If it feels sticky, it’s dirty
Here’s our personal rule of thumb: if it feels sticky, it’s dirty. A whole day of using your phone will surely show its signs on your screen. Fingerprints everywhere, and there’s undeniable moisture. Once you feel this, do yourself a favor and use some disinfectant wipes. Feel free to clean your phone as frequently as you deem needed.
Don’t forget the fingerprint button
Aside from your phone screen, you should also wipe the fingerprint button if your phone has one. In our experience, this one also gets very dirty. A disinfectant wipe will do the job here. Wipe the fingerprint sensor gently to avoid damages.
Wash your hands often
Another thing that you should do to limit the transfer of germs to your phone is washing your hands. If you’re touching surfaces all day long, you’re also contracting germs all over your hands. Frequent hand washing will also prevent a slew of infection and illnesses. Always use soap and running water to ensure that you’re removing the germs and not transferring it to another surface again.
Mind where you put your phone
Many of us are guilty of just putting our phones down wherever it’s convenient. For example: if you’re eating in a cafeteria, the first impulse is to put the phone down on the table. If you do so, make sure that you disinfect at the end of the day.
Risks dirty phones bring
If you’re not convinced why you should make disinfecting your phone a habit, you should know that a dirty phone can bring the following illnesses:
Acne and skin problems
One of the most observed effects of a dirty cell phone is an acne breakout. If you notice that you have acnes on the same side where you answer your calls, your phone is likely causing the problem. The oils and dirt present in your phone screen will be transferred into your skin. And as it lingers during the day, it irritates the skin and brews an acne breakout. You should take this seriously, especially if you have sensitive skin.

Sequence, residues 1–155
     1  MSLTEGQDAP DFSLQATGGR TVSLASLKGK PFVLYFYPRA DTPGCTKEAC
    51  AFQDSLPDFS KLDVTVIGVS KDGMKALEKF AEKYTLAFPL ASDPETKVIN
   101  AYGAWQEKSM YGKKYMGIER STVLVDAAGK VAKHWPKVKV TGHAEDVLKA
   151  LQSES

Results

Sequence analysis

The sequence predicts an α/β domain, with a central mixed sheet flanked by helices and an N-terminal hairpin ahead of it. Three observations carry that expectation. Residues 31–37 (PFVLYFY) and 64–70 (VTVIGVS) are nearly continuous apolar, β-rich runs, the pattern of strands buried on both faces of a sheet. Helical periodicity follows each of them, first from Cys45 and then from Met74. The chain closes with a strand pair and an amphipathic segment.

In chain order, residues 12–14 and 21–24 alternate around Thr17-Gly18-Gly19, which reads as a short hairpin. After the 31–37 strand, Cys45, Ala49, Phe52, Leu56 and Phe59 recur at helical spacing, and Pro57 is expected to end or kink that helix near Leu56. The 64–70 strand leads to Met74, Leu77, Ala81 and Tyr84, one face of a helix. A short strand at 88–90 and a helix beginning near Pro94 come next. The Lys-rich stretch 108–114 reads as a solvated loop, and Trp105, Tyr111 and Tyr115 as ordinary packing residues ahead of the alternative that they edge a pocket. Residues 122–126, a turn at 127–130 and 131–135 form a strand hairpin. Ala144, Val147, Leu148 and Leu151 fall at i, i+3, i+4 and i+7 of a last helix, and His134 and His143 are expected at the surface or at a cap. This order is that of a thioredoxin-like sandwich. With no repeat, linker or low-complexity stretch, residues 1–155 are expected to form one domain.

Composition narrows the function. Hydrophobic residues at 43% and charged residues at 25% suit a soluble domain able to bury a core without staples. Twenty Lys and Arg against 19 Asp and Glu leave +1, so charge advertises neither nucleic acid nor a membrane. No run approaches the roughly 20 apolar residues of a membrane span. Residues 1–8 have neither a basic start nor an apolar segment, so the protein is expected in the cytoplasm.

Mobile phones are now seen as one of the main carriers of viral infections. Since many of us can’t get our hands off our phones, it’s easy for these viruses to spread. When you touch a pole inside the train and reach for your phone, you’re already exposed to an infection. You’ll never know how many infected people touched, coughed, or sneezed into that same pole. If you want to skip the potential danger, make it a habit to sanitize your phone before touching or bringing it close to your face.
Allergic reactions aren’t very common, but it’s starting to be observed among phone users nowadays. Aside from the chromium, nickel, and cobalt content of your mobile phone, the dirt that sticks on it might also be the culprit. If an allergen happens to stick to your mobile phone, it can transfer to your skin quickly. So before you experience an allergic attack of some sort, we recommend disinfecting your phone right now.
Mobile phones can contract a wide range of bacteria – once of which is Staphylococcus. This bacterium can cause ear infections, folliculitis, and sinusitis. If you get exposed to this bacterium too often, the symptoms might get worse over time. Depending on the reaction of the body, you might develop a more serious set of illnesses.
Are you having a pissed stomach for no reason? You should check your phone. You may have contracted E. coli through your phone. But I’m not putting my phone in my mouth! Of course not, but your hands, yes. E. coli infection can be deadly, especially if not treated right away. As you see, a dirty phone can do more harm than you can ever think of. So instead of taking chances, you can spare some minutes to disinfect your phone.
How to clean my cell phone? Above, we discussed a few simple steps that you can follow every day. We can’t stress how important it is to sanitize your mobile gadgets. In this era of the coronavirus infection, you can’t take chances. You can’t see viruses and bacteria. Who knows, it might be in your phone right now waiting for your next tap so it can finally reach your body.